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Pris from Blade Runner - you're saying only 1 in 5 would?

Duh, of course we would have sex with a robot

A new poll finds that one in five of us would sleep with an android. But why the surprise? Cinema has always been full of robo-hardbodies

A poll has revealed that 1 in 5 of us would happily jump into bed with a robot. What's to lose? After all, robots aren't as emotionally flimsy as human beings, so they won't worry if you haven't texted, they're not gonna want deep and meaningfuls post–coitus and there's no chance of accidental pregnancy. Oh and remember, they're literally sex machines (see: this sock-folding handjob robot).

So why the big surprise that 20% of us would sleep with an android? Throughout the history of cinema, robots and androids have enjoyed their status as attractive, virile, seductive characters  – from Blade Runner's android temptresses Pris and Rachel, to Arnie in Terminator with his bulging robot body awing men and attracting admiration from women. 

Daryl Hannah played Pris from Blade Runner, a pleasure android with a lifespan of just four years, built for sex on Earth's faraway colonies. Supple and gymnastic, with her own unique take on a cyberpunk look, you'd be hard-pressed to find many people who'd be unwilling to take a chance on on of film's sexiest robots. 

Rachel (Sean Young), meanwhile, is an assistant at Tyrell Corporation. She's a sultrier replicant who makes smoking look beautiful, a robot who looks like a film noir star from a retro-future. Unlike Pris, she appears interested in the idea of love, compassion and relationships and falls for the replicant assassin Deckard (Harrison Ford). In the scene below, they play piano together before she breathlessly confesses "I want you", at which point they engage in one of cinema's most famous robot-on-robot love scenes.

The 2001 Steven Spielberg film A.I introduced a robot called Gigolo Joe, a male prositute programmed with the ability to mimic love. Who played him? Jude Law, voted 2004's "Sexiest Man Alive" in People. In a motel room scene, Law gazes deep into a woman's eyes, lays her down on the bed and proclaims "you deserve me": his hair perfectly coiffured, his eyes piercing pearls of passion.

But the archetype of the sexy robot has been around since the early 20th century. Fritz Lang's silent film Metropolis (1927) featured the gynoid Maria – a gynoid being Lang's term for a robot that closely resembles the human form. Created at the request of Joh Fredersen, ruthless Master of Metropolis, Maria was designed to look like one of the worker's daughters. Fredersen's son falls in love with the gynoid and Maria spreads chaos throughout Metropolis, driving lustful men in the Yoshiwara nightclub to violence. And as if Beyoncé needed any help being considered attractive, she wore a suit clearly inspired by Maria on her 2011 Sasha Fierce tour.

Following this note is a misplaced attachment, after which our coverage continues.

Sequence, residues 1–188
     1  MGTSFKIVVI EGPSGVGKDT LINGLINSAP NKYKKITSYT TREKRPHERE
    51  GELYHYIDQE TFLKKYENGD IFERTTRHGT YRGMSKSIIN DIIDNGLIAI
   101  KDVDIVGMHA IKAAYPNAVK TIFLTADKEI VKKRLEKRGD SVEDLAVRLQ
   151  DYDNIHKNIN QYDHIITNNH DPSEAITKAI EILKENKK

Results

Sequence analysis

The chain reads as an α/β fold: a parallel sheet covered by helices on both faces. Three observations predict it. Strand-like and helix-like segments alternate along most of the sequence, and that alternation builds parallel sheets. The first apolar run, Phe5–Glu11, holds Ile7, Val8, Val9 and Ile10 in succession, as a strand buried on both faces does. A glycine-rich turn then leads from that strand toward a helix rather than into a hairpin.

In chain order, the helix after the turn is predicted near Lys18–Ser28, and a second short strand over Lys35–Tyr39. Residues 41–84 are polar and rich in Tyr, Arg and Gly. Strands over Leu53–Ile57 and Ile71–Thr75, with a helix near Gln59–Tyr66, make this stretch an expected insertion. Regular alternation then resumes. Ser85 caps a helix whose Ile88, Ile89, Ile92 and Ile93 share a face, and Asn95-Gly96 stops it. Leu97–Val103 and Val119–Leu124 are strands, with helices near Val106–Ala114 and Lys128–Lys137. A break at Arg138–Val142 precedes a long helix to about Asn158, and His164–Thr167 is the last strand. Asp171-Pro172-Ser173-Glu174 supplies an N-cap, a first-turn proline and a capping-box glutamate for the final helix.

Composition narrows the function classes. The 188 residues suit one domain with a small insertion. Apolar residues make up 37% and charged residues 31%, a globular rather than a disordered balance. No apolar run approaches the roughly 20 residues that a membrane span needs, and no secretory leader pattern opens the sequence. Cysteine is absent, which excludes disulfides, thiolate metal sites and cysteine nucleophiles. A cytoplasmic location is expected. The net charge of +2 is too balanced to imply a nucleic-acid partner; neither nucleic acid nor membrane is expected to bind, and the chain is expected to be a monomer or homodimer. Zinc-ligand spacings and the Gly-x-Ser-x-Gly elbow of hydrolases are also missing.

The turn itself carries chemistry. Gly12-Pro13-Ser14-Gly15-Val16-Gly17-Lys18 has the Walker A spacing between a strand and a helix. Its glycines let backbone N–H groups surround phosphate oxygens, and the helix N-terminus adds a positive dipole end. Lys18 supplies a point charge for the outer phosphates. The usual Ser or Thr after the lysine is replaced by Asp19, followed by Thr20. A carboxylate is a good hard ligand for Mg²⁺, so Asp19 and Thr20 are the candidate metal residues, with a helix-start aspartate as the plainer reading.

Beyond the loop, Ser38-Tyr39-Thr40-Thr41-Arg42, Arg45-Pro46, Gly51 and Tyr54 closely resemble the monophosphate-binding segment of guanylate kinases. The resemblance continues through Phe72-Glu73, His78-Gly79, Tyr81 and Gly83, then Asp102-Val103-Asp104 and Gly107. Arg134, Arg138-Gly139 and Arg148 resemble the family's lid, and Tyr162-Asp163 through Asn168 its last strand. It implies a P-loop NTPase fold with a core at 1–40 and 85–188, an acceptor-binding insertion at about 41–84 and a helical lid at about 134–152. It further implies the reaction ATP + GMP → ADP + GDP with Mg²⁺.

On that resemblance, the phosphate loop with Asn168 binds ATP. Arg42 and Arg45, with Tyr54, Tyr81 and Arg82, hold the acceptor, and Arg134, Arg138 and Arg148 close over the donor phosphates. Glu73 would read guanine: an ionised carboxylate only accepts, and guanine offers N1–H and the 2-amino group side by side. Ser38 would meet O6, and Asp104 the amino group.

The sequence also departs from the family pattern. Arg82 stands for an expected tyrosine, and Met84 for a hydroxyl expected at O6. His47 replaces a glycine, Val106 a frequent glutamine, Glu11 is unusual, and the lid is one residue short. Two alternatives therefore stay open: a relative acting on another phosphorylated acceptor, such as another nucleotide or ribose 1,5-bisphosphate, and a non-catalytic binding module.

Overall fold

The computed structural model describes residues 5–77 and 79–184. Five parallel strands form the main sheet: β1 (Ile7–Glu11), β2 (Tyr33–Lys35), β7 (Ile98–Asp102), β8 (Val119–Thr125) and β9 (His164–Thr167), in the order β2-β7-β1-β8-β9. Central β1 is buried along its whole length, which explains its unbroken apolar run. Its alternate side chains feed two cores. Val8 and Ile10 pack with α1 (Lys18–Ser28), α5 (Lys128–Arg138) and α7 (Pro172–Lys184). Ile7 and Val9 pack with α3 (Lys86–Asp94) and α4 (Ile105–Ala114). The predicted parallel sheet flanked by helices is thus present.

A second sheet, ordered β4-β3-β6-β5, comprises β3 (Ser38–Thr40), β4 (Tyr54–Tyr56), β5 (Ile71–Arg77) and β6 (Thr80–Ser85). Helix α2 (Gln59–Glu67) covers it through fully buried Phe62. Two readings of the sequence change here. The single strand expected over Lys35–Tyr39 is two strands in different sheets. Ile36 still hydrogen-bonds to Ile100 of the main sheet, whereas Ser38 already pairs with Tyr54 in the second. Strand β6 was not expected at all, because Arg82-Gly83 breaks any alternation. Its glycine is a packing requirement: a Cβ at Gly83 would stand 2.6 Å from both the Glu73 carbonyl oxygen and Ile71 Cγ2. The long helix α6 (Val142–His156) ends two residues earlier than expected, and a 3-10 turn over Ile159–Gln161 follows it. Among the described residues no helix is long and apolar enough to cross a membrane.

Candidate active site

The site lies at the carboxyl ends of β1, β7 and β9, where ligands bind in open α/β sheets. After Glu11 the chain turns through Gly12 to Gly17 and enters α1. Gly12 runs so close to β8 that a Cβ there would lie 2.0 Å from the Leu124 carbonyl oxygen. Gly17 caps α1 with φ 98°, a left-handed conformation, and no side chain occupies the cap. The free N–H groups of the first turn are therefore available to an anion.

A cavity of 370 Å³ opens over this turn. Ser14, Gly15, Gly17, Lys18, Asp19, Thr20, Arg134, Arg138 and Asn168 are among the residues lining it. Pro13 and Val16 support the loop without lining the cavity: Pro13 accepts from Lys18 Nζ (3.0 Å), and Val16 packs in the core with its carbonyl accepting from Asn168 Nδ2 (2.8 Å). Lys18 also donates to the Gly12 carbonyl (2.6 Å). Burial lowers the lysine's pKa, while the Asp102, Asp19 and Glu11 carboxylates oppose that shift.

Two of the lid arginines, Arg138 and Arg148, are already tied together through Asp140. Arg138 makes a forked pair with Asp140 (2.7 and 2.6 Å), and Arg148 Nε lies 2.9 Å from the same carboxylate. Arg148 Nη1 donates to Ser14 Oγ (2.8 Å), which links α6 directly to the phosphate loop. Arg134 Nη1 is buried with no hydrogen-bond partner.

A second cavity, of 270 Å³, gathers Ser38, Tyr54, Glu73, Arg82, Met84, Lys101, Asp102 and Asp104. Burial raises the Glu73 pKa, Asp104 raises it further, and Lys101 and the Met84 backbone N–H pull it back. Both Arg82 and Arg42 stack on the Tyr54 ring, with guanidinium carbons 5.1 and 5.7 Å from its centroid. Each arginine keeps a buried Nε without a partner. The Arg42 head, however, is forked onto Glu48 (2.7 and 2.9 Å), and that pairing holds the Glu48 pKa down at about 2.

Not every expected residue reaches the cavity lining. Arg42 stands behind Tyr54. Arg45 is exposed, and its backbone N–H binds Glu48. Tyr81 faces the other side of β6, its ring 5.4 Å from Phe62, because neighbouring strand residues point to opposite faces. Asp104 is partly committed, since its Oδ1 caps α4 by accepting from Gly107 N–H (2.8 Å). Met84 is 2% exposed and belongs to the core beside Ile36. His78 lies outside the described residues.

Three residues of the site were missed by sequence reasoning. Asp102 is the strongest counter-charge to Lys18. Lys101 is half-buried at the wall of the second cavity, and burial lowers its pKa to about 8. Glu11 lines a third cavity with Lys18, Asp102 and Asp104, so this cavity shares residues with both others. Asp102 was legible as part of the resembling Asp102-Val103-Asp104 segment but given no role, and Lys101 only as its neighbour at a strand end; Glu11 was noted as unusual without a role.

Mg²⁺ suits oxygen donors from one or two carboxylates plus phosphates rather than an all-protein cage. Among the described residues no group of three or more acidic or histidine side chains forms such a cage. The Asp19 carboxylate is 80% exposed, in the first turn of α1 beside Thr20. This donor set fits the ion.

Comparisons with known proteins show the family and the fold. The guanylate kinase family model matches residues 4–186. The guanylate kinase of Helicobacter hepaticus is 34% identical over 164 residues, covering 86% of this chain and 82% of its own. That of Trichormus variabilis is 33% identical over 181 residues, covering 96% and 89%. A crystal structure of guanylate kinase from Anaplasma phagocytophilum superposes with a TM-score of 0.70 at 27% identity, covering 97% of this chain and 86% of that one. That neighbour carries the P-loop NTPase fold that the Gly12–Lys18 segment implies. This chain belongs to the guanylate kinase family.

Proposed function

While Maria, Rachel and Pris may be examples of cult films that feature sexy robots, mainstream cinema embraced the trope too. Liz Hurley famously played Vanessa Kensington, the silver-skirted, busty and gun-wielding secret agent from the Austin Powers series. Vanessa is exposed as a robot after having sex with Austin and then malfunctioning and exploding. Austin begins to grieve before realising that he's single again and forgets all about it. Oh, Austin.

So is the idea of the robot as an object of sexual desire a particularly new one? We've spent years looking at attractive androids in darkrooms, so of course we're gonna start getting it on with gynoids and cyborgs too. We'd wager that the 21st century will see humans engaging in robot-amorous relationships. And if the prevalence of totally hot robots in cinema is anything to go by, it'll be more than one in five. 

And if your robot paramour dumps you? Just remember that all those moments will be lost... in time... like tears in rain.